Read the news coverage and op-eds about our Shared Parenting Report Card at the links below:
By Ginger Gentile, Deputy Executive Director
January 17, 2020 by Robert Franklin, Member, National Board of Directors
In my last piece, I criticized Danish historian Mikael Jalving’s piece in Quillette entitled “Scandinavia: Can the New Parental Team Replace Marriage?” (Quillette, 1/2/20) I did so because of his strange conclusion that shared parenting (and the scientific evidence supporting it) is dangerous because it encourages divorce. Needless to say, he cited no evidence for the proposition.
Nor did he mention that, in the U.S. at least, we know from Margaret Brinig and Douglas Allen’s work that it’s precisely the prospect of sole parenting that encourages divorce. The two researchers found that women tend strongly to file for divorce because they know that the sole-parenting custom by judges means they know they won’t lose their kids. If anything, that suggests that equal parenting would tend to discourage divorce filings.
As I said in my last piece, people divorce, whether Jalving likes it or not. Given that, surely public policy should be informed by the science on children’s welfare when their parents split up. And that science points directly to shared parenting. It’s an obvious point that Jalving missed due to his antipathy for government interference in families.
I of course share that antipathy, at least to an extent, and Jalving makes some important points about the relationship between families and governments. I’ve been studying and writing about families, children, parents and family law for over two decades now and my strong take on the subject Jalving raises is that governments are poor substitutes for parents. They prove it every day.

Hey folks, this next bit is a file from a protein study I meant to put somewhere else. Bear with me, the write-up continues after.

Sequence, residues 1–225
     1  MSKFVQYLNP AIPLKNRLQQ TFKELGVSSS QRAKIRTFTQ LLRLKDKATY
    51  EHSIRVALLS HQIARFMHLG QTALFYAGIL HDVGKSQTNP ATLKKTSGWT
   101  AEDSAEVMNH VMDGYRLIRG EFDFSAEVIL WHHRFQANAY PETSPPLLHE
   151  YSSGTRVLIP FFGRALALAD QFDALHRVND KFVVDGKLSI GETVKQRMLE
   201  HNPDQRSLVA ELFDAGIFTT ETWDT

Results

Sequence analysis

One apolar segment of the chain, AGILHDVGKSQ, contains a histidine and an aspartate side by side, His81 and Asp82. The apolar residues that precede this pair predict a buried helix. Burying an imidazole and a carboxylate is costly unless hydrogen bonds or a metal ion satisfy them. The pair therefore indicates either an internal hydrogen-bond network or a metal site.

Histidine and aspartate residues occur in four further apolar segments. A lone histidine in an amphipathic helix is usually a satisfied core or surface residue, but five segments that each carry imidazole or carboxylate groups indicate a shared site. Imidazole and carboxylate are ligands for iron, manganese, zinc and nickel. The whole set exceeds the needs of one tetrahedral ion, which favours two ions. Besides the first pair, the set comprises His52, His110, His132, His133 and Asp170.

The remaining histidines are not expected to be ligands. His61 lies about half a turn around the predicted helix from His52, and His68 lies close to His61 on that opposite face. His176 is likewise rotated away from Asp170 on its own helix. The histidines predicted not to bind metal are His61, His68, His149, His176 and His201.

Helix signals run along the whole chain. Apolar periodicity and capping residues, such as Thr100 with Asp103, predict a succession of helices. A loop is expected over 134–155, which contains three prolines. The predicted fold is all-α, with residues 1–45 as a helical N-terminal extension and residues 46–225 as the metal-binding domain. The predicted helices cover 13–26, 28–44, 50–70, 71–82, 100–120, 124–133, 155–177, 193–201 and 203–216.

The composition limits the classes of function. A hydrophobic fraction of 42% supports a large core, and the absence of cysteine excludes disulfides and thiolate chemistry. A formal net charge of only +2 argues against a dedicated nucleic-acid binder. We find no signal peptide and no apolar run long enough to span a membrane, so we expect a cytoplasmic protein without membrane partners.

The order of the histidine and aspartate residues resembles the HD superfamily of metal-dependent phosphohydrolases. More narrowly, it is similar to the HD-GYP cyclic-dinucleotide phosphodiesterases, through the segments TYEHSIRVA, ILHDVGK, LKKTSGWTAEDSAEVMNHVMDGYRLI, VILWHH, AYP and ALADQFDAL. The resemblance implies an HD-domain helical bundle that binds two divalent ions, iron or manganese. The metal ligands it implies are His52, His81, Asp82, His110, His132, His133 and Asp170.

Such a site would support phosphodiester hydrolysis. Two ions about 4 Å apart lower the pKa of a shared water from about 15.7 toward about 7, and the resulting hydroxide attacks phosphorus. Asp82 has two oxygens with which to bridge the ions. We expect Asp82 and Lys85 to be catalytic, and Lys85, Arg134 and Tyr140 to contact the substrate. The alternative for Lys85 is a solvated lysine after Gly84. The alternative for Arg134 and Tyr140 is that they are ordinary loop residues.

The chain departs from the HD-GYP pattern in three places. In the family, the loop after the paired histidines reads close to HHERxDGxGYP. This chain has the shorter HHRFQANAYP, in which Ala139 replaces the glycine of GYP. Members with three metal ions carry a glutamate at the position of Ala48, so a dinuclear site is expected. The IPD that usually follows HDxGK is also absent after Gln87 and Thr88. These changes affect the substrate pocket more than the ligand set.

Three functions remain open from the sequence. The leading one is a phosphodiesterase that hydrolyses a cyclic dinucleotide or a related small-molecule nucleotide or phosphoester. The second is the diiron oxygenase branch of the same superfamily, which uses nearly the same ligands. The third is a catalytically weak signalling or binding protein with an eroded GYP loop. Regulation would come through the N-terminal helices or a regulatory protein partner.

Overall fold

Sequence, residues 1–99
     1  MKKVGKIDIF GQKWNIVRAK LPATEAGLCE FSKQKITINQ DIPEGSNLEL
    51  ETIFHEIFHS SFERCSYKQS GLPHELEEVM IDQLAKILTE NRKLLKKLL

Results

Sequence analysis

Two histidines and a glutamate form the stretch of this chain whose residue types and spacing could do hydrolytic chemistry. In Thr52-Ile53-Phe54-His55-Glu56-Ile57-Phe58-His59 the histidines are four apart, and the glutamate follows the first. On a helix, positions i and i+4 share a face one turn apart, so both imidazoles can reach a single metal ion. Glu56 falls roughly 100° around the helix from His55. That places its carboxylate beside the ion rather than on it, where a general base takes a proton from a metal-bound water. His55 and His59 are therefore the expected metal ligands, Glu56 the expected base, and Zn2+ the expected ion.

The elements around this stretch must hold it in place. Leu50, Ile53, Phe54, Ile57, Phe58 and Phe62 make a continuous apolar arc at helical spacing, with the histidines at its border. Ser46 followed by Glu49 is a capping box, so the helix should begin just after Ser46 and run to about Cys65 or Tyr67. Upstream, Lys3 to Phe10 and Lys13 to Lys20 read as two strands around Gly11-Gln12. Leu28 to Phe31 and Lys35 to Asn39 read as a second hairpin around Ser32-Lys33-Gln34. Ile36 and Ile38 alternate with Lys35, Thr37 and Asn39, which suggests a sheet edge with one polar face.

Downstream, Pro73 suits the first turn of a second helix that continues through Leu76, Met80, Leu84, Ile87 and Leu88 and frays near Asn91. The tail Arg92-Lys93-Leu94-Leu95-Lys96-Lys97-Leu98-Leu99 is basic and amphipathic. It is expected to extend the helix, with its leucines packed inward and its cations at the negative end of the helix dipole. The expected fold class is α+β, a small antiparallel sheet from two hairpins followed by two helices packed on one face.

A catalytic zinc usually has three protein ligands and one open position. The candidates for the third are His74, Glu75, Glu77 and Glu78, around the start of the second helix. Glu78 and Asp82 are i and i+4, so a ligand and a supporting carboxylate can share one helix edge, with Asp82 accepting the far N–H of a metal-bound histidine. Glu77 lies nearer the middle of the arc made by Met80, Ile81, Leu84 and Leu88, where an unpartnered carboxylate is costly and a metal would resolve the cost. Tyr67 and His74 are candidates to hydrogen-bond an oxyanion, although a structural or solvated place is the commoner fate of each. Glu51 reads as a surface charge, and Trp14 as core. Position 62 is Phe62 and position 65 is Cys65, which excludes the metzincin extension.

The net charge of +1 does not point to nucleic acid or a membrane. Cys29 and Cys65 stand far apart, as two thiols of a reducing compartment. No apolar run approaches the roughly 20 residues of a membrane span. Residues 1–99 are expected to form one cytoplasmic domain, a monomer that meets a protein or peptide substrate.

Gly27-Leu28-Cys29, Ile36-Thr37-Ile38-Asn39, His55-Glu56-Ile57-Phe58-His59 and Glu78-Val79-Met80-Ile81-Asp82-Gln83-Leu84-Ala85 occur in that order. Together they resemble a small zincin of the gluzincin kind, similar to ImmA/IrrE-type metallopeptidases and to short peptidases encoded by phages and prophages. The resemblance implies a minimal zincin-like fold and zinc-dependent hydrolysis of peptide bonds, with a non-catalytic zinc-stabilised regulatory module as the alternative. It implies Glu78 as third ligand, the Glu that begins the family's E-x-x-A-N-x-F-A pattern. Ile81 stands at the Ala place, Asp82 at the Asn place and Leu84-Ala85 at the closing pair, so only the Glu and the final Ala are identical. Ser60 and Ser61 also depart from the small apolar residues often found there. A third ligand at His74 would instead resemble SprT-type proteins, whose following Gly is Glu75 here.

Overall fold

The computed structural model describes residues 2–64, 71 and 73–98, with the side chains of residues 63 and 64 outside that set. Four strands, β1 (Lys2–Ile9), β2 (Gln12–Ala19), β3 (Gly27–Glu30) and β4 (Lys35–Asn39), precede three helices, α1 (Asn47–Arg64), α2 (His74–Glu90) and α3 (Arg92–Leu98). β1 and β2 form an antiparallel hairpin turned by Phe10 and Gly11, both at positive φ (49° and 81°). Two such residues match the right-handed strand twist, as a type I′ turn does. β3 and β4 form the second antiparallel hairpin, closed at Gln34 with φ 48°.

January 14, 2020 by Robert Franklin, JD, Member, National Board of Directors
Shared parenting is once again under fire, this time from here (Quillette, 1/2/20). It’s a curious piece, part inexcusable ignorance and part pithy questions about the uneasy interface between the state and the family.
Danish historian Mikael Jalving has read Malin Bergström’s book, Divorcing with Children: Parents in Two Homes. The problem seems to be that, as to shared parenting, that’s all he’s read.
Bergström of course is one of the most important researchers into family structure and child well-being. Her massive studies of Swedish families indicate that equal parenting is the second-best arrangement for kids, the first being intact biological families. The good news is that, as other researchers have shown, Swedes are taking to equal parenting like no other parents in the world.
“In Sweden, [Joint-Parent Custody] has become as common as living mostly with the mother after parents separate. The proportion of Swedish children in JPC was about 1 percent of children with separated parents in the mid-1980s, but is now between 35 percent and 40 percent. Of all children between 12 and 15 years of age, 1 in 10 are in JPC…Indeed, for 3-year-old children, JPC is nearly twice as common as SPC [Single-Parent Custody], at least among Swedish-born and well-educated parents…”
I call that the good news because clearly Swedish parents, partly in the spirit of gender equality and partly for the good of the kids, have embraced equal parenting. But it’s not good news to Jalving. Why? He’s suspicious of equal parenting arrangements because, according to him, they encourage divorce or what he calls “guilt-free” divorce. He of course offers no support for his claim. Has the divorce rate gone up after the inauguration of shared parenting legislation in Sweden? If it has, he doesn’t mention it.